The researchers decided to look for this form of DNA in human cells by making an antibody that would bind only to the i-motif form of DNA. They tagged the antibody with a fluorescent dye that would glow green when the antibody attached. They demonstrated that the antibody was faithful to bind only to that form of DNA, and they put the antibody in the nucleus of a human cell. Using a microscope, they were able to see antibodies glow in several different places, indicating that i-motif DNA was, indeed, present in the nucleus.

What’s even more remarkable, however, is that the glowing regions turned on and off. This indicates that the i-motif structure was being made from the double-helix form and then transformed back into the double helix form. Why? There’s no solid answer to this question, but the researchers noticed that i-motif DNA tended to form a lot during transcription. If you don’t recognize that term, in order to make a protein, the cell must read the “recipe” for that protein from the DNA and then send that recipe to another place in the cell to make the protein. The first part of that process (reading the DNA) is called transcription, and the second part (turning it into a protein) is called translation. That means i-motif DNA is formed more frequently when the cell is starting the process of making a protein.

Because of this, the researchers suggest that the i-motif form of DNA provides some sort of regulation in the production of proteins. After all, the cell not only needs to know how to make proteins, but it also needs to know when to make them and how much to make. The “how” part is something we know pretty well. The “when” and “how much” parts are still quite mysterious to modern science. We have uncovered (and partially understood) some of DNA’s regulatory mechanisms, but as this new discovery of i-motif DNA in human cells indicates, we still have a long way to go.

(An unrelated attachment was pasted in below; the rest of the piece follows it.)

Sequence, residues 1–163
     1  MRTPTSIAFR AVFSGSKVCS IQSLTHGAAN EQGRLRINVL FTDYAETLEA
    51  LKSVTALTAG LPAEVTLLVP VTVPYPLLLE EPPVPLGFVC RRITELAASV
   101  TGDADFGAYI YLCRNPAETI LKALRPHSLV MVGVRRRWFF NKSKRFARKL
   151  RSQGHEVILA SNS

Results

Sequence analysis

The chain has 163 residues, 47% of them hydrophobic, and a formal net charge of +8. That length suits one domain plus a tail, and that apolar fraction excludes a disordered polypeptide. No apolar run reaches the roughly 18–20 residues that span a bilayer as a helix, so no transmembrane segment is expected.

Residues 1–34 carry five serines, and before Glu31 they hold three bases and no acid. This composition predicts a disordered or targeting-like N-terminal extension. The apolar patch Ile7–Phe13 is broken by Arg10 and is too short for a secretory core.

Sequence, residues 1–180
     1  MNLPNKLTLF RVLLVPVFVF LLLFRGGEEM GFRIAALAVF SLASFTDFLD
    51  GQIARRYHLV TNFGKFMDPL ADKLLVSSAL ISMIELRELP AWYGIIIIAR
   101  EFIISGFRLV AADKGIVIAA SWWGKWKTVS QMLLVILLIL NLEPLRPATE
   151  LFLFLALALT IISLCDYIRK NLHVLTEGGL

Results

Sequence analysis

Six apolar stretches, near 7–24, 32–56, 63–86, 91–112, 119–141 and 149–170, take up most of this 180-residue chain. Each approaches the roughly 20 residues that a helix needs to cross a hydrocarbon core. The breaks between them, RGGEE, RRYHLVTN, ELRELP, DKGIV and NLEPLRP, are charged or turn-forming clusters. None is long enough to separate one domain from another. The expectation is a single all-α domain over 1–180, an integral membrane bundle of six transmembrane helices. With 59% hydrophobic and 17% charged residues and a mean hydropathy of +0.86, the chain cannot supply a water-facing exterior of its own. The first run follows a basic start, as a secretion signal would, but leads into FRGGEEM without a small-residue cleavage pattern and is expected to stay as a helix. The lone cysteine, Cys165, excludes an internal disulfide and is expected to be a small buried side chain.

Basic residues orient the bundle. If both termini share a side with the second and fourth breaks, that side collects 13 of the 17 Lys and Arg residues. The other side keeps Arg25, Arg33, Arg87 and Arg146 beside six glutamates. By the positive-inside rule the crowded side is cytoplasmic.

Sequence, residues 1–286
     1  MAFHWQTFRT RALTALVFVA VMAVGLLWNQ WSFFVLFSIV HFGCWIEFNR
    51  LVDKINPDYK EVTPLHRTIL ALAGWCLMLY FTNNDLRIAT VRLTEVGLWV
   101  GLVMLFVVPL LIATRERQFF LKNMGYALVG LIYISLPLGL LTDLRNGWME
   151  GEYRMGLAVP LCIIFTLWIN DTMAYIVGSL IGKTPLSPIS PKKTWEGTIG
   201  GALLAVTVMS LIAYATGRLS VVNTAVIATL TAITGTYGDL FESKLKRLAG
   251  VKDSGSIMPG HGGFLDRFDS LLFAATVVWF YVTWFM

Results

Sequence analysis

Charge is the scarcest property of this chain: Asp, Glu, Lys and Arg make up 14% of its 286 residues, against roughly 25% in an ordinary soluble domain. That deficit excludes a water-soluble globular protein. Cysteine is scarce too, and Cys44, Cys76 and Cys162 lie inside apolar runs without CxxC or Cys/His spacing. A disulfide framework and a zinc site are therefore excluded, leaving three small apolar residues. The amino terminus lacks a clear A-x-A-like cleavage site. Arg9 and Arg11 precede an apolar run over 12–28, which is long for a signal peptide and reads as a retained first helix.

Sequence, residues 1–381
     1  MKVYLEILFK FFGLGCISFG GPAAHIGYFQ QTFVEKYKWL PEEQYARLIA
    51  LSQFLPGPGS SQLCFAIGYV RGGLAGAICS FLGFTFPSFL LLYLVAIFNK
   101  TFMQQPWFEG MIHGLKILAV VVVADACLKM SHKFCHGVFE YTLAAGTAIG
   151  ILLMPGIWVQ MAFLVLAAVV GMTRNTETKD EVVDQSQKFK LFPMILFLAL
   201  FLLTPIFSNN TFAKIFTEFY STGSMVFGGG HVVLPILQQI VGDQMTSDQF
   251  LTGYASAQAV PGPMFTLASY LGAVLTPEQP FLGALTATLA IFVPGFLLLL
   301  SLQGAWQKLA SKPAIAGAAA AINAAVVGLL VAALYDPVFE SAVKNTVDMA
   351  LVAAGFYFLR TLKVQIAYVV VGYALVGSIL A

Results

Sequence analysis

DNA is just one of the many marvels in Creation that testify to the design ingenuity of the Creator, and the more we learn about it, the more I stand in awe!

Another Mother’s Day Drama

“Following Mommy” by Heldara Baltica (click for credit and license)

Yesterday was Mother’s Day, and once again, I came up with a short skit for church in honor of the event. Over the years, I have created several Mother’s Day skits, and I have posted two of them (see here and here). Interestingly enough, the first link is my most-viewed post for this year. Since that indicates at least some interest in Mother’s Day skits for church, I thought I would go ahead and post this new one as well.

Before I share the script, I would like to make a couple of notes. The only “set” I used for this skit was a single chair at center stage. I had a spot on the chair, and it was “loose” enough for the father to be seen well as long as he stayed close to the chair. You can put crumpled-up sheets of paper around the chair to indicate that Jack has been working hard, but that’s not necessary. Also, both readings (the bad poem at the beginning and the heartfelt note at the end) can be written in Jack’s notebook already, so that he need not memorize either piece. Finally, there is no reason for Jack to be a young man. You could change the name to Jill and use a young woman instead.)

As always, you are free to use this skit in any way that might edify the body of Christ. I would like to be credited if possible, but more importantly, I would like Christ to be glorified.

Continue reading

It is Now a Risk to Promote Free Speech in Science!

Artwork by Newtown grafitti (Click for license)

Dr. Adam Perkins is a personality researcher at King’s College London (KCL). On March 16 of this year, he was scheduled to give a talk to a group on campus. However, that same day, the college’s events office informed him that they had deemed his talk a high-risk event and did not have time to organize the security that kind of situation would require. Thus, the talk would have to be postponed. What was the title of this high-risk talk? It was:

The Scientific Importance of Free Speech

Why in the world would that title cause KCL’s events office to consider the event to be risky? As far as I know, the office hasn’t answered that question. Perhaps it got skittish after thugs stormed into a debate that was taking place at KCL and violently stopped it. Perhaps they were afraid that the group which arranged the talk (the KCL Liberterian Society) was so controversial that any event it arranged would have to be treated as high-risk. Perhaps they thought that promoting free speech in science is just too controversial.